Non Associated Water

Report
Cost Benefit Analysis of proposed
reforms to water access for
Petroleum & Gas Projects
Qwater Conference
7-8 November 2014
Project Overview
 Cost Benefit Analysis for the Qld Dept of Natural Resources
and Mines - to support a Consultation Regulation Impact
Statement
 Project 2 covered water access for Mines and Petroleum
projects – proposed aligning the requirements
 Focus on Non-Associated Water for Petroleum and Gas
projects
 Particularly important for Shale gas
2
Key Definitions
 Associated Water - water that is not necessarily and unavoidably
taken in the process of extracting the resource (eg. mine
dewater)
 Non Associated Water - water that is not necessarily and
unavoidably taken. This includes water for:
− hydraulic fracturing;
− accommodation camps; and
− in drilling operations.
 Petroleum and gas activities – all activities undertaken on survey,
exploration or production tenures. These include:
− conventional oil and gas projects;
− CSG projects; and
− shale gas projects.
3
Summary of Gas Reserves
Shale gas
Tight gas
Coal seam gas
Conventional
2000 – 5000
metres
2000 – 5000
metres
300 – 1000
metres
1000 – 5000
metres
Rock type
Shale
Sandstone
and
limestone
Coal seams
Sandstone and
limestone
Production well type
Vertical or
Horizontal
Vertical or
Horizontal
Vertical
Vertical and
Horizontal
Hydraulic fracturing
Always
Always
Occasionally
Rarely
Water released through
Low
gas extraction
High
Low
Water required for
hydraulic fracturing
High
Low
Not Applicable
Estimated Qld reserves
Cooper Basin
92.9 trillion cubic
feet
~30 trillion cubic
feet
(92% of Australia’s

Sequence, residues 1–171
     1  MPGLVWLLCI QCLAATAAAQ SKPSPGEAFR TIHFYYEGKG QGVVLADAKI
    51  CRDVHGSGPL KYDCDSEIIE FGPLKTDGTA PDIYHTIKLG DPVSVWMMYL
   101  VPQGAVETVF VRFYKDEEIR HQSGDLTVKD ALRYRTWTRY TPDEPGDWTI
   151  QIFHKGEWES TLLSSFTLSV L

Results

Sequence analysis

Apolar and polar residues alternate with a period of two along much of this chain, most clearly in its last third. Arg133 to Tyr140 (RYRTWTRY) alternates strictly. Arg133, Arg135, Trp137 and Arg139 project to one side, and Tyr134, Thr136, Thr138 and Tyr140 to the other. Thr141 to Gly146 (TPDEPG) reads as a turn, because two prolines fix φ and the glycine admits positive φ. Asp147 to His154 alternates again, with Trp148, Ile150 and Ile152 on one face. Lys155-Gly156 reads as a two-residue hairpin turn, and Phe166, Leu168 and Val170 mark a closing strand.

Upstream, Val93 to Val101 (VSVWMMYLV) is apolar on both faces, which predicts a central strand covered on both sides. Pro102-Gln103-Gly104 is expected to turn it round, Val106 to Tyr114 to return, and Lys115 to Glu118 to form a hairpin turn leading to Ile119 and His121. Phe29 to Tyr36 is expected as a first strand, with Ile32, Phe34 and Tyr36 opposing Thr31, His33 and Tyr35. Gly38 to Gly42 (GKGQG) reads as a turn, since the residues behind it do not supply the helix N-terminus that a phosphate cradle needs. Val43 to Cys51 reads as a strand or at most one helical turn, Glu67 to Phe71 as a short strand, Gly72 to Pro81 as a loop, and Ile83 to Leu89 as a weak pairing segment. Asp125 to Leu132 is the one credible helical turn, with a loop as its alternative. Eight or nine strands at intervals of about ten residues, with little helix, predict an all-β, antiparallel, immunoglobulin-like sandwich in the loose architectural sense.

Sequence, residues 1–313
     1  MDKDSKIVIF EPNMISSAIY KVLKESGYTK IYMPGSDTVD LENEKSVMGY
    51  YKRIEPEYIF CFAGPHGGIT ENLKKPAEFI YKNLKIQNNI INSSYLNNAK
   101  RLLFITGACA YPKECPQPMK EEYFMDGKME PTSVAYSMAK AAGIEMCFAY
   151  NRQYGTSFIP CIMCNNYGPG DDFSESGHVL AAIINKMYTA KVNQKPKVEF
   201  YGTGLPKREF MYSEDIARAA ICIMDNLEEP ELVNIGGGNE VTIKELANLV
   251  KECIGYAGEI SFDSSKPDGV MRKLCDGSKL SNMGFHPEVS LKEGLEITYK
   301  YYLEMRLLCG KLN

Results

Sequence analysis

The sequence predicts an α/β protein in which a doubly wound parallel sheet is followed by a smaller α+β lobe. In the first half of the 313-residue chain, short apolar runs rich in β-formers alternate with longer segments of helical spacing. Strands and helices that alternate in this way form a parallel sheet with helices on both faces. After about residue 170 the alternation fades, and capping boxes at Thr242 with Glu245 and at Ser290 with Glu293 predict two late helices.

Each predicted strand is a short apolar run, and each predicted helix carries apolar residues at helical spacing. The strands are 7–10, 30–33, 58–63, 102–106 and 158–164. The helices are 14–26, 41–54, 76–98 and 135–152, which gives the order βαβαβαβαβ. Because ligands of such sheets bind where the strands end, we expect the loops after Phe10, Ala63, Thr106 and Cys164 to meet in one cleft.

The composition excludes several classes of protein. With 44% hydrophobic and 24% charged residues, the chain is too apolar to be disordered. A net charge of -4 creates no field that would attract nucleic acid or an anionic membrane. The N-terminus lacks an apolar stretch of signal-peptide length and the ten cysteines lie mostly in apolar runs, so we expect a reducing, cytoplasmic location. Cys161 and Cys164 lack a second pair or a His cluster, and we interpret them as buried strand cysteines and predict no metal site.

~ 0.57 trillion cubic
4
feet
Depth below surface
Options Considered
 Base case:
No legislative change, work cooperatively with
industry.
No legislative but government and industry work together to
encourage minimisation of impacts and promote the coexistence
 Option 1:
Require an entitlement under the Water Act.
Remove the statutory right to non-associated water, and require an
entitlement under the Water Act (eg. water allocation, licence or
permit).
 Option 2:
Increased obligations.
Retain current statutory rights and introduce further statutory
obligations. Require tenure holders to assess the options for
sourcing non-associated water, and to minimise impacts of taking
water
5
Option 1 – Aligns Requirements
 Note that Option 1 (and the proposed change for mineral
resources would align the requirements for Mines and
Petroleum & Gas
Current statutory provisions
Water take
Associated Water
Non-associated
water
Mineral resources*
Petroleum and gas^
Dewatering licence in groundwater
management areas
Obligations in Chapter 3
Licence in groundwater management
areas
Obligations in Chapter 3
Proposed statutory provisions
Water take
Associated Water
Non-associated
water
Mineral resources*
Petroleum and gas^
Obligations in Chapter 3
Obligations in Chapter 3
Licence in groundwater management
areas
Entitlement in groundwater
management areas OR additional
underground water obligations 6
Cost Benefit Analysis
 Cost Benefit Analysis undertaken over 10 years.
Requires inputs (for both CSG and Shale Gas):
− Project numbers;
− Project size; and
− Requirements of an “average project” (monitoring bores,
baseline assessments, make good arrangements…).
 The impacts of the proposed change can be categorised as:
− the costs and benefits for private industry;
− impacts on government costs; and
− environmental and social costs and benefits.
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Costs and benefits for private
industry
Cost Type
Project
approvals &
monitoring
bore
network
Ongoing
admin costs
Other Cost
Baseline
Comment
Chapter 3 covers
both Associated
and
Baseline
Ave cost per project